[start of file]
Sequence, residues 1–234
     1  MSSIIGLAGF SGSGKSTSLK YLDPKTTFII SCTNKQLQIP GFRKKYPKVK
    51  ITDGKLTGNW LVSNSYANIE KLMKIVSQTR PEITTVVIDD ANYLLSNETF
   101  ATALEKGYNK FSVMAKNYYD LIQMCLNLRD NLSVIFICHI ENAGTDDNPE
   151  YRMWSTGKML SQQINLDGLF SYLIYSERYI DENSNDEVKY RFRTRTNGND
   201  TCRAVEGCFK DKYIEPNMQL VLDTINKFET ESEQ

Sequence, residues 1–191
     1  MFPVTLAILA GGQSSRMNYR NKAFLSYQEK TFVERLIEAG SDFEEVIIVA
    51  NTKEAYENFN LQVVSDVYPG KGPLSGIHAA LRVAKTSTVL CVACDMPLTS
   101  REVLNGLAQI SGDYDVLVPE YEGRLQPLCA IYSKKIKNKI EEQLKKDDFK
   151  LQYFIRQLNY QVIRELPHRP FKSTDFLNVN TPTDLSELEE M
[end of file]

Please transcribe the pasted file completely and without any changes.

Sequence, residues 1–234
     1  MSSIIGLAGF SGSGKSTSLK YLDPKTTFII SCTNKQLQIP GFRKKYPKVK
    51  ITDGKLTGNW LVSNSYANIE KLMKIVSQTR PEITTVVIDD ANYLLSNETF
   101  ATALEKGYNK FSVMAKNYYD LIQMCLNLRD NLSVIFICHI ENAGTDDNPE
   151  YRMWSTGKML SQQINLDGLF SYLIYSERYI DENSNDEVKY RFRTRTNGND
   201  TCRAVEGCFK DKYIEPNMQL VLDTINKFET ESEQ

Sequence, residues 1–191
     1  MFPVTLAILA GGQSSRMNYR NKAFLSYQEK TFVERLIEAG SDFEEVIIVA
    51  NTKEAYENFN LQVVSDVYPG KGPLSGIHAA LRVAKTSTVL CVACDMPLTS
   101  REVLNGLAQI SGDYDVLVPE YEGRLQPLCA IYSKKIKNKI EEQLKKDDFK
   151  LQYFIRQLNY QVIRELPHRP FKSTDFLNVN TPTDLSELEE M